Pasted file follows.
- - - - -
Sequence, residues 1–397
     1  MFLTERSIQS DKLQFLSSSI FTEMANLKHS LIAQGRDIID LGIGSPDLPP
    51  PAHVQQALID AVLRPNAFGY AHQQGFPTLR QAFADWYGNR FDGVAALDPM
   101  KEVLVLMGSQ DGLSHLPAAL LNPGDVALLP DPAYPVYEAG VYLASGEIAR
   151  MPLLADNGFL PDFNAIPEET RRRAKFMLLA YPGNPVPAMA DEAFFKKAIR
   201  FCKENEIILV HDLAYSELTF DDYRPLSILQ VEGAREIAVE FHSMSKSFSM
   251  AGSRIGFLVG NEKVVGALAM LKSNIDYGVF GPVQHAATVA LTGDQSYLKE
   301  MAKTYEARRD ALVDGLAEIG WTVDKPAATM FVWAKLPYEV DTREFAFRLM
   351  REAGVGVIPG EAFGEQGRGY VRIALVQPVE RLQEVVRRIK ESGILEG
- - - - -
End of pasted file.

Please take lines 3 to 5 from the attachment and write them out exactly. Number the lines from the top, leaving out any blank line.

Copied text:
    51  PAHVQQALID AVLRPNAFGY AHQQGFPTLR QAFADWYGNR FDGVAALDPM
   101  KEVLVLMGSQ DGLSHLPAAL LNPGDVALLP DPAYPVYEAG VYLASGEIAR
   151  MPLLADNGFL PDFNAIPEET RRRAKFMLLA YPGNPVPAMA DEAFFKKAIR